A controversial provision that could deprive people of their British citizenship and leave them stateless – without even telling them – is progressing through parliament despite rising levels of criticism.
At present, the Secretary of State is required to notify individuals if she intends to deprive them of citizenship. But the new measures, contained in Clause 9 of the Nationality and Borders Bill, would allow the Secretary of State to strip people of their British citizenship without giving them any notice in two situations:
- Where it is not “reasonably practicable” to do so OR
- If it is in the interest of national security, diplomatic relations or otherwise in the public interest
There may be arguments in favour of the first category – for example, if someone has vanished overseas for years – but the second category has stirred up a lot of justifiable anger.
“In the public interest” is an extremely broad, open-ended definition, which could potentially affect a host of people the Secretary of State takes a dislike to.
To make matters worse, this effectively prevents a right of appeal. if someone doesn’t know the Secretary of State is considering revoking citizenship, how can they take any legal action to challenge the move? They would only find out after it had already been revoked – most probably on attempting to re-enter the UK or renew their passport.
Affected individuals would apparently still have a theoretical right of appeal at a later date. But those affected would be unable to return to the UK to gather evidence or attend their own court hearing. It is true they can instruct a UK lawyer to act for them – but if they cannot afford a lawyer, they simply won’t be able to effectively challenge the decision alone if they are not in the UK. If they don’t find out for years, then valuable evidence may have been lost in the meantime.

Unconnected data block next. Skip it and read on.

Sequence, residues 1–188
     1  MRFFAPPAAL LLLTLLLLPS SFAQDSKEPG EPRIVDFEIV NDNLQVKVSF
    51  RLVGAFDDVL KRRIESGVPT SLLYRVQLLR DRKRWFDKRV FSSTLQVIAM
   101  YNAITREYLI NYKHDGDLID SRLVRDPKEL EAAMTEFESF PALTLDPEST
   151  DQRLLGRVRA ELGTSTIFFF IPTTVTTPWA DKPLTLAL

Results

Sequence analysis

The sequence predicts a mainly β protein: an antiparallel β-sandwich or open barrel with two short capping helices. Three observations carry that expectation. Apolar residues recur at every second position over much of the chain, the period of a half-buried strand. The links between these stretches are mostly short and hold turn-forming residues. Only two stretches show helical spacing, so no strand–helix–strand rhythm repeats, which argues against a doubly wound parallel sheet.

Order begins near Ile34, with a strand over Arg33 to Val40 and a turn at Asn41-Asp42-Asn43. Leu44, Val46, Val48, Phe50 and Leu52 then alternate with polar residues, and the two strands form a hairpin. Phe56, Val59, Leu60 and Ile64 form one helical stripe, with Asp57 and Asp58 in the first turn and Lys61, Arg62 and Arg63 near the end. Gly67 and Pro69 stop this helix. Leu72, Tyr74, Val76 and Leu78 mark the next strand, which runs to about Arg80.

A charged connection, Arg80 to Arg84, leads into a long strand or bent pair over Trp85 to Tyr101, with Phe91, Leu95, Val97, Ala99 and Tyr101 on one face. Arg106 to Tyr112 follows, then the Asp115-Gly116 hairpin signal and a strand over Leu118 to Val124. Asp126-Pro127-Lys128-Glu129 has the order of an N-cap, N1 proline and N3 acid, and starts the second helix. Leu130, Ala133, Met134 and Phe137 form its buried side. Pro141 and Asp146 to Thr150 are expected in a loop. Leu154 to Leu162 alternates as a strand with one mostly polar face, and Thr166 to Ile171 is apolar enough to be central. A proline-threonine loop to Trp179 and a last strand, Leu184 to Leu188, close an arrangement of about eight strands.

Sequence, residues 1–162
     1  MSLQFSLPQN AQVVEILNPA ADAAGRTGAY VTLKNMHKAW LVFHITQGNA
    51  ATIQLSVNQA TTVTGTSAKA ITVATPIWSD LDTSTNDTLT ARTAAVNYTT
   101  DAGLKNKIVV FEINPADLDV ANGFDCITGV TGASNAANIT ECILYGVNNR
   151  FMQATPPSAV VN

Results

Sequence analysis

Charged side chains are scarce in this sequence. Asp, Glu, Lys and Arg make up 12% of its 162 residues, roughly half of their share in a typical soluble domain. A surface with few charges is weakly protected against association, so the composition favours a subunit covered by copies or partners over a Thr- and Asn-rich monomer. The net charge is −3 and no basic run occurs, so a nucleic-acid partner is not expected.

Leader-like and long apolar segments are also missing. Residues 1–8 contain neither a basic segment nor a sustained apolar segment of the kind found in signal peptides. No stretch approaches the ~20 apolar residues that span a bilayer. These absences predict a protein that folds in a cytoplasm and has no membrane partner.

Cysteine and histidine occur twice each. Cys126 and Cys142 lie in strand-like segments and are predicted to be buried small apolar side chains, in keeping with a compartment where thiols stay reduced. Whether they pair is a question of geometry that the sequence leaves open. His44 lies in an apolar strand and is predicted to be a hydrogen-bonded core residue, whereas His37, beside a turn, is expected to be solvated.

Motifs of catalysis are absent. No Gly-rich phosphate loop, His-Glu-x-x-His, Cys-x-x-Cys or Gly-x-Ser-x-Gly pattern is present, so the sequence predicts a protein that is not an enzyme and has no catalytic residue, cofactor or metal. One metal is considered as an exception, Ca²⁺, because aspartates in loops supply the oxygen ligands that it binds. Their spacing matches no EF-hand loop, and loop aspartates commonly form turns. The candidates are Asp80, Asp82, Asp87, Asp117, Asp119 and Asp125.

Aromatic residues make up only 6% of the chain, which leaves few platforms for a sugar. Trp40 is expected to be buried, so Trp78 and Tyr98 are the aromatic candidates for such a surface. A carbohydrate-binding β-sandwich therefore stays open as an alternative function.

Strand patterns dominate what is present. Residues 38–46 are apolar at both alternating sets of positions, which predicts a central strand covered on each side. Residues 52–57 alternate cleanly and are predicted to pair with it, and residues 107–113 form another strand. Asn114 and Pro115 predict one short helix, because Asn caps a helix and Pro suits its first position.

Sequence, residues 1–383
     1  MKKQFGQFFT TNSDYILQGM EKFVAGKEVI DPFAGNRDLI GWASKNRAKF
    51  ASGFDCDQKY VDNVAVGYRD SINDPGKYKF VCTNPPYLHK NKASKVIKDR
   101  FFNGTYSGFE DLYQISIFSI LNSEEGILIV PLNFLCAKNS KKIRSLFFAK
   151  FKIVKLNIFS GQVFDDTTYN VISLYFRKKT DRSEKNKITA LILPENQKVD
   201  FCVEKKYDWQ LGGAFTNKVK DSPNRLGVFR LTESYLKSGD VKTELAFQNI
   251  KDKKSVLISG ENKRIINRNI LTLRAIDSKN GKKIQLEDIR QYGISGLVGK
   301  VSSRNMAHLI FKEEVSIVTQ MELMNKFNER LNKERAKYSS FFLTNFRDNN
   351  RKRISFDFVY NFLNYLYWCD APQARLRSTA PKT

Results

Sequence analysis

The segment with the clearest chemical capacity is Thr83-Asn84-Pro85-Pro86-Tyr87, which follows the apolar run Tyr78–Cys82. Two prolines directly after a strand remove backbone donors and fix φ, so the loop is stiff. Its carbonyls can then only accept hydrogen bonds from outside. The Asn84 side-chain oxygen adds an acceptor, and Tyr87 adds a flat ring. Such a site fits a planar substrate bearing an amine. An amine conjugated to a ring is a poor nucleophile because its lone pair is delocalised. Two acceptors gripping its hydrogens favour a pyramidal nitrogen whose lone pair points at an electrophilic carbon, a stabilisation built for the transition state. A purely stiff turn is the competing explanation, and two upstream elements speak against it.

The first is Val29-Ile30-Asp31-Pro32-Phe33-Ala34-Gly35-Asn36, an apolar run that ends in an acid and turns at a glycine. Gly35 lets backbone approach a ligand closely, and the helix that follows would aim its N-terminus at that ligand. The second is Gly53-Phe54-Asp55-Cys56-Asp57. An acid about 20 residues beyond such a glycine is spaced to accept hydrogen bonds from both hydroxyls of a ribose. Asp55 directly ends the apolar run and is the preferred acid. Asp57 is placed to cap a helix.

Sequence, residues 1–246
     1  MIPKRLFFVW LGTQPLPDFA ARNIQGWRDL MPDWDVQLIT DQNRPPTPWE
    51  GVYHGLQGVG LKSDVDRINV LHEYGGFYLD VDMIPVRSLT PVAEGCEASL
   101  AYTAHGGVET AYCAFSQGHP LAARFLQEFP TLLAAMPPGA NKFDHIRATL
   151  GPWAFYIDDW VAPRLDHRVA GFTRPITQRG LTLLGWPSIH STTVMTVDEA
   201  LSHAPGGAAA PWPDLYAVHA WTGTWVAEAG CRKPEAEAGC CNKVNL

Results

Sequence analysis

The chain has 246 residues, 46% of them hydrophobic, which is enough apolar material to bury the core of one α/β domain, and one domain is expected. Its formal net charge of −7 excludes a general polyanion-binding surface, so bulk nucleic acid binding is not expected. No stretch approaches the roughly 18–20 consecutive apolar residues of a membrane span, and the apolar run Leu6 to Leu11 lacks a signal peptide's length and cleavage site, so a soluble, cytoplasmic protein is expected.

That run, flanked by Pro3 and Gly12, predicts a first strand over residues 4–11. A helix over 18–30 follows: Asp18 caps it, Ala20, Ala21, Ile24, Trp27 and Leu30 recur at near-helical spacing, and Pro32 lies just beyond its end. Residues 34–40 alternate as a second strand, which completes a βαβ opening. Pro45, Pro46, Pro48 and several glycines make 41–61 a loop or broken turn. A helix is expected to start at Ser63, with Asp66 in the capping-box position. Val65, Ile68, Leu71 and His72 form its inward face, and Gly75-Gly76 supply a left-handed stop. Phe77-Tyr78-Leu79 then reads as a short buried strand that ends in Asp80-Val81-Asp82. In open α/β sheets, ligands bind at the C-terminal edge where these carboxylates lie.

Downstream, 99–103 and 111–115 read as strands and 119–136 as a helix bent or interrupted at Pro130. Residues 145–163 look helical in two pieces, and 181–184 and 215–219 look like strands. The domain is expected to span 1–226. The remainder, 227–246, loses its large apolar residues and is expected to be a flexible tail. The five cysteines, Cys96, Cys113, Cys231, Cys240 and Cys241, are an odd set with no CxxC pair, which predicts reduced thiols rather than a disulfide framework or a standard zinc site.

It’s important to note that, as under current law, the Secretary of State would be able to take this action either where someone has another nationality or where there are “reasonable grounds” to believe someone could apply for citizenship of another country. The best-known example of this was probably the Shamima Begum case, discussed by Mariam here, where the UK authorities decided she could apply for Bangladeshi citizenship through her parents (despite this being disputed by Bangladesh).
Clause 9 was quietly slipped into the draft legislation in November without any warning or advance discussion, apparently in response to a High Court ruling of July 2021, in the case of on the
D4 v The Secretary of State for the Home Department  EWHC 2179 (Admin).
In that case, the court took issue with a 2018 amendment to 2003 regulations that specified how the Secretary of State was required to notify people of an intention to deprive them of citizenship. The 2018 amendment said that the Secretary of State could be treated as having notified someone whose whereabouts was unknown provided, she kept a record of the circumstances and placed a copy of the decision on the person’s Home Office file. The High Court said this wasn’t enough. The Secretary of State had to notify the person in writing of her intentions. The amendment to the regulations was found to be unlawful.
However, if it becomes law, Clause 9 would have retroactive effect – meaning the Secretary of State can simply ignore what the High Court had to say on the matter.
Clause 9 of the bill, which currently in the House of Lords, is now subject of an online petition calling for a full parliamentary debate rather than the cursory glance it received last week.
If you are in need of advice or assistance on any of the issues mentioned in this article please contact a member of our expert Immigration Team on 020 7631 4141 or email email@example.com
The above is correct as at 21 December 2021. The information above may be subject to change as this is a constantly evolving situation. The content of this note should not be considered legal advice and each matter should be considered on a case-by-case basis.